Benefits growing with Nunavut’s new mining industry
9 February 2018
As Nunavut’s mining industry grows, its mines are adding new significant employment and business benefits for the territory, its communities, and economy.
Alex Buchan, Nunavut Vice President of the NWT & Nunavut Chamber of Mines presented an overview of Nunavut’s mining sector at the biannual Northern Lights conference in Ottawa on February 2. For the territorial economy, Nunavut mining’s direct contributions are very large, and in 2016 mining formed about 20% of our economy, he said. Mining’s contribution is even larger when you consider benefits to sectors like construction and transportation. This is a welcome turnaround from 2009, when Nunavut had no mining industry, added Buchan.
Three mines now operate in Nunavut, one in each region: Agnico Eagle’s Meadowbank gold mine in Kivalliq, Baffinland’s Mary River iron mine in Qikiqtani, and TMAC’s Hope Bay gold mine in Kitikmeot, where Buchan is the Director of Community Relations.
Buchan shared new socio-economic data compiled by the Chamber of Mines, including:
• Since 2009, the mines have provided 2,365 person years of mining employment in Nunavut;
in 2016, there were 1,946 jobs of which 388 (20%) were Nunavut residents.
• Total mine spending since 2007 exceeds $4.8 billion of which $2.2 billion was in Nunavut. In
2016, mine spending was $582 million of which $252 million (43%) was in Nunavut.
Additionally, industry royalty and benefit agreement payments are another way in which Nunavummiut are benefitting from mining. Advancing opportunities at Meliadine, Back River, Amaruq, and Chidliak have potential to generate even more employment and business benefits and tax and royalty revenues to government and Inuit organizations.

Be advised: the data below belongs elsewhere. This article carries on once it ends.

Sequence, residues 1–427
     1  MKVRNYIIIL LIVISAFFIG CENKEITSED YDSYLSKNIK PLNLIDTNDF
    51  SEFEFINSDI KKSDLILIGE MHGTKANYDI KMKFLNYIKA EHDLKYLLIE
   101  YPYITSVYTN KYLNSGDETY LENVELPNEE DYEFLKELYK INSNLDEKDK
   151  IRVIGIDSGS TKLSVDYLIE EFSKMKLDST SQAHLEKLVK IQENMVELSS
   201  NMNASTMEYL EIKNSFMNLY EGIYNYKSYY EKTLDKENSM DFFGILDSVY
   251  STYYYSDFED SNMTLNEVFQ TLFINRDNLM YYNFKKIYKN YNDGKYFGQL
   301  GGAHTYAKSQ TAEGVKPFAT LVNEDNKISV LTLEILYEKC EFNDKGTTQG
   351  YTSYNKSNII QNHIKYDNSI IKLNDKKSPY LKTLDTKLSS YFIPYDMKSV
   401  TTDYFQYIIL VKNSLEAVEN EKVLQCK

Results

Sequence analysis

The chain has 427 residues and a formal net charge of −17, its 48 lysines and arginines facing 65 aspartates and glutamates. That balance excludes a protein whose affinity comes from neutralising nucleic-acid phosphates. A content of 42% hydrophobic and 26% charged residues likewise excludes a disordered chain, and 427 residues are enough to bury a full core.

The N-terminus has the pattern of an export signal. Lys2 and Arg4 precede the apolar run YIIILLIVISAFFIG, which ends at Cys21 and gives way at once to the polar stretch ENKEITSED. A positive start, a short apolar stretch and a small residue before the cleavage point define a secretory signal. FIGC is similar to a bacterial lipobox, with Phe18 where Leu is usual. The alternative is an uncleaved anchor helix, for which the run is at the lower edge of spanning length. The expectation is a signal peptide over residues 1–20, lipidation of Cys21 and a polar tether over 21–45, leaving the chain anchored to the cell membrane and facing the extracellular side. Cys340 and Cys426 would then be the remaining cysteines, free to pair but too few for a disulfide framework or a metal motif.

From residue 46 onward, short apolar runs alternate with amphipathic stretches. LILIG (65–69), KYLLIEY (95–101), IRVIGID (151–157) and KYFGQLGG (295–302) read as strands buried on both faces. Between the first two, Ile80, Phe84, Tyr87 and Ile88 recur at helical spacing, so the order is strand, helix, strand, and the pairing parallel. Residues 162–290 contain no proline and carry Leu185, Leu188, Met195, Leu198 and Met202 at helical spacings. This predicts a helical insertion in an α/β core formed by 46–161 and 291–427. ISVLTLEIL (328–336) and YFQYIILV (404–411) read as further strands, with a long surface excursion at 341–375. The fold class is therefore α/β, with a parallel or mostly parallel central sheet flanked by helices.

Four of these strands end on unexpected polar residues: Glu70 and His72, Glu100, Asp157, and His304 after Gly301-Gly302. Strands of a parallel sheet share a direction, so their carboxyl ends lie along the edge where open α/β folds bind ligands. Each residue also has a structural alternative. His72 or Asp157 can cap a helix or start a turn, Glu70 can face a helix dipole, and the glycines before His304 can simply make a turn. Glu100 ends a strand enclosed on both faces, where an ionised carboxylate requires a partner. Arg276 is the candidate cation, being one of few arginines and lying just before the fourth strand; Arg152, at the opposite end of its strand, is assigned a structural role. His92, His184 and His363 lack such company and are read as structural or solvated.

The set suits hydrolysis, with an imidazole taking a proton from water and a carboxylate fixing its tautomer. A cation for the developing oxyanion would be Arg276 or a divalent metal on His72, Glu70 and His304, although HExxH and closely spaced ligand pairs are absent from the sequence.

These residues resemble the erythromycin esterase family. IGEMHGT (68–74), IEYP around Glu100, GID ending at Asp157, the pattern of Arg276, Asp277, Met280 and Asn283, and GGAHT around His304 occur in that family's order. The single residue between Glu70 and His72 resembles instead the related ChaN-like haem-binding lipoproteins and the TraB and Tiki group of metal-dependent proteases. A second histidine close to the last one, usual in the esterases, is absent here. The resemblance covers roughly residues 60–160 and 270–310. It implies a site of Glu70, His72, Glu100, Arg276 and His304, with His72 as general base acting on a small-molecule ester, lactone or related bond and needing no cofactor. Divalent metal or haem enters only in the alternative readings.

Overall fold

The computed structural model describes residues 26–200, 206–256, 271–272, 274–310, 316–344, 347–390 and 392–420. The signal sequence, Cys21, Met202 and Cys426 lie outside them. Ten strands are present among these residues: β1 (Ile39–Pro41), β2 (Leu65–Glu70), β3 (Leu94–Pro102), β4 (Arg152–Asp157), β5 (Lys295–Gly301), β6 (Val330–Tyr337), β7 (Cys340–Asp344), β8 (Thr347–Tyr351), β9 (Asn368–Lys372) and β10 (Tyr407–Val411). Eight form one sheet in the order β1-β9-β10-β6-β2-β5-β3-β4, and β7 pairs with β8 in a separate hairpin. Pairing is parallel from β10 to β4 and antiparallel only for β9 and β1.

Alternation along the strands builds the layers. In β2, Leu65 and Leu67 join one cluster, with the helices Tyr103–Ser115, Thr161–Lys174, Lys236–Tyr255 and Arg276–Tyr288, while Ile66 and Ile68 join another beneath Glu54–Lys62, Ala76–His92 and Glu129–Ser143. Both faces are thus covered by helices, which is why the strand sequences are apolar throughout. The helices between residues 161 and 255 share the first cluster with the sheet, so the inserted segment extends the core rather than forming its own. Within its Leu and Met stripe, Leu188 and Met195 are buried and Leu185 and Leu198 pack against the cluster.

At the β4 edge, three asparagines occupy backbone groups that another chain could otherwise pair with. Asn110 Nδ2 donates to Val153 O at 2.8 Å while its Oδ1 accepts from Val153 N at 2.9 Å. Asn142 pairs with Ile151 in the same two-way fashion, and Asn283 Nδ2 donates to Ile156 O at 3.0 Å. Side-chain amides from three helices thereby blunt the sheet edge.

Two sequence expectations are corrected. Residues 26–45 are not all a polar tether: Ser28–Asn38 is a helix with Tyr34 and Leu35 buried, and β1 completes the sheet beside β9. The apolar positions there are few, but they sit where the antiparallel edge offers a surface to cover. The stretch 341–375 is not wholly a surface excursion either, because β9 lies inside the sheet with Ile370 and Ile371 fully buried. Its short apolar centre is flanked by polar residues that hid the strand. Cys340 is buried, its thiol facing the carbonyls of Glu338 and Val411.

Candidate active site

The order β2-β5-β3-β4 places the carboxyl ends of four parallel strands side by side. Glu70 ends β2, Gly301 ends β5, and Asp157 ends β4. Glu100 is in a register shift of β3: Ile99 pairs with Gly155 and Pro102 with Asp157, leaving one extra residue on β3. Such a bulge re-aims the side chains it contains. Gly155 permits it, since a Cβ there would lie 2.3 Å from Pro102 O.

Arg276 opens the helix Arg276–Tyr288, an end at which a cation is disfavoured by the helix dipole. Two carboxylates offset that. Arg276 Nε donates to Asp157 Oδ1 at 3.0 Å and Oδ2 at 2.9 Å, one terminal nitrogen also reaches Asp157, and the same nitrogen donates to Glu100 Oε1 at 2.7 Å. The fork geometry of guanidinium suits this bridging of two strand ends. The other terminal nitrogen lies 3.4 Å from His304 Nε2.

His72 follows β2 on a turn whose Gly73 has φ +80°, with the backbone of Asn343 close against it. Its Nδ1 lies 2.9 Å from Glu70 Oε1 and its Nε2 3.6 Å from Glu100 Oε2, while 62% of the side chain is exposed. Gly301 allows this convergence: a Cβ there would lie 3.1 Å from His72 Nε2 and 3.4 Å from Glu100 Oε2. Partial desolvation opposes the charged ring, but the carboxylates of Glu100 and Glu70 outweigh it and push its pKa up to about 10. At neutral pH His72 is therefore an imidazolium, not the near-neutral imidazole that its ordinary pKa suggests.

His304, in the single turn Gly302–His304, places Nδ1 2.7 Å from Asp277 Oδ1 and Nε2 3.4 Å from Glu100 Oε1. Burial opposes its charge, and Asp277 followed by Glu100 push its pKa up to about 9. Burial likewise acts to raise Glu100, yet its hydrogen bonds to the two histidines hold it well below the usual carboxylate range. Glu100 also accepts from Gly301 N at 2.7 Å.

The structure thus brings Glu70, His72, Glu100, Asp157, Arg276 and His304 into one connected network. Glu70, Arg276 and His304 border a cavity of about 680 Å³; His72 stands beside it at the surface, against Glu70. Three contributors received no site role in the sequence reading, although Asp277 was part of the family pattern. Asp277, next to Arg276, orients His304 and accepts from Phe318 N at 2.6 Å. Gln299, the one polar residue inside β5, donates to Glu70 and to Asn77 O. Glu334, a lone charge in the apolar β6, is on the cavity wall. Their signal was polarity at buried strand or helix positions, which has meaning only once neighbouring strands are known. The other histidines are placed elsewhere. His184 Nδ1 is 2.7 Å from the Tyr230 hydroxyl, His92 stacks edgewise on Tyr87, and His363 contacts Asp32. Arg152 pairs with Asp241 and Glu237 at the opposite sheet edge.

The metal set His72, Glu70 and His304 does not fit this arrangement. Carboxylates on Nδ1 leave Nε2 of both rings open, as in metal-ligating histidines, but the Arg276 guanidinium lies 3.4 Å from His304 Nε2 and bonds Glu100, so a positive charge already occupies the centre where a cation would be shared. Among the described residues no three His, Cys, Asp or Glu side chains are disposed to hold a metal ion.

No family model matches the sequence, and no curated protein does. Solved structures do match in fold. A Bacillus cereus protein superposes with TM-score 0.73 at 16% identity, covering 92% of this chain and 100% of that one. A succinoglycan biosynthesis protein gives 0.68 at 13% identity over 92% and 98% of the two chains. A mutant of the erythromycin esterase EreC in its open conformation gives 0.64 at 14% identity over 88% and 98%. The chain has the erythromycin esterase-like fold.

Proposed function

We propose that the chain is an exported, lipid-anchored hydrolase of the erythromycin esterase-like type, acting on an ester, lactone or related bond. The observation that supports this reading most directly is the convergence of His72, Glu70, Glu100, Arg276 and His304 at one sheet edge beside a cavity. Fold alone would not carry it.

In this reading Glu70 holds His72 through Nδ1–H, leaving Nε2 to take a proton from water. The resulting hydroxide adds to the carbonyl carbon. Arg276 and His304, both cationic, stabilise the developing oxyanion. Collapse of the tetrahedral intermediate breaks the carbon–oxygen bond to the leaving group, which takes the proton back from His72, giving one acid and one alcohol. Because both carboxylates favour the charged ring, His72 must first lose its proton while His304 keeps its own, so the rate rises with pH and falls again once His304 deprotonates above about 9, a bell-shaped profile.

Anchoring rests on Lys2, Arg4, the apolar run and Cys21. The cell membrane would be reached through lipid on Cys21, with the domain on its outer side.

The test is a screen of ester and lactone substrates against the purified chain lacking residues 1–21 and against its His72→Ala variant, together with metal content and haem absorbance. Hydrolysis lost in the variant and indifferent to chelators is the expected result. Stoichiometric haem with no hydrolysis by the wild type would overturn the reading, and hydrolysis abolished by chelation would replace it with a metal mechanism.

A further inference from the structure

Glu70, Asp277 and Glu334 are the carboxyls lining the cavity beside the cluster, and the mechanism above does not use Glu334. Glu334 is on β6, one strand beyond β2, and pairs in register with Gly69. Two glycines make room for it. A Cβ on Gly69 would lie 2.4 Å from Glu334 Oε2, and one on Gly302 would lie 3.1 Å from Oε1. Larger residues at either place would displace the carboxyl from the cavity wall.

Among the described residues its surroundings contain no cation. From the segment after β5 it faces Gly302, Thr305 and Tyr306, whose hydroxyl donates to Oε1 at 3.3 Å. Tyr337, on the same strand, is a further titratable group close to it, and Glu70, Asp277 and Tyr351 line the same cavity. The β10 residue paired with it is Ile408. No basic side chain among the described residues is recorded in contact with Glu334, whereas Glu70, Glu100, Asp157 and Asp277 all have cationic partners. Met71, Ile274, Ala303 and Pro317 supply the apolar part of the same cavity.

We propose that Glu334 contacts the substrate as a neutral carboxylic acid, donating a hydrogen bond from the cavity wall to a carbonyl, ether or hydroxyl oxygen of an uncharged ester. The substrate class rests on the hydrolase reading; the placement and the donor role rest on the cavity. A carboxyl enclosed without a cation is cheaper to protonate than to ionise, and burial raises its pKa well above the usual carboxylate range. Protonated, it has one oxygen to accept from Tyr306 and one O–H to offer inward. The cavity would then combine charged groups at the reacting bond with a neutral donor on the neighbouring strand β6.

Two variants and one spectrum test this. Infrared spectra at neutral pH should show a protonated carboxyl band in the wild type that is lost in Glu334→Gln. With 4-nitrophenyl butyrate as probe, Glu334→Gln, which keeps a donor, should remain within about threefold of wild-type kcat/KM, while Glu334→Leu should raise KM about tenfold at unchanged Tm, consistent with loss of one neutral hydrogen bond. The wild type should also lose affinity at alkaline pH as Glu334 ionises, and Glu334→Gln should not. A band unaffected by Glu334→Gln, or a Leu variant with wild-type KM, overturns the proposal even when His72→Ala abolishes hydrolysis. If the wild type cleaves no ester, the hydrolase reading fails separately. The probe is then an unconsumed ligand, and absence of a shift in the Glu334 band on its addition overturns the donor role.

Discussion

In terms of challenges, Buchan underlined the need to address falling exploration investment, which industry members link to a troublesome land use planning process, and for much needed investments in infrastructure to help lower costs. He also emphasized that by improving training and education and growing the public’s awareness of mining opportunities will also be key to increasing Nunavut benefits.
Buchan closed by saying the Chamber of Mines will continue to work with the public governments of Nunavut and Canada, as well as with Nunavut’s Inuit government, Nunavut Tunngavik Inc., to address these challenges and further grow the mineral industry’s benefits in Nunavut.
For the full powerpoint presentation, with speaking notes, click here.
For more information on the NWT and Nunavut mining industries, please visit the Chamber of Mines website at www.miningnorth.com or contact Terry Dobbin, Nunavut General Manager at Tel: 867-222-5281 or email: firstname.lastname@example.org.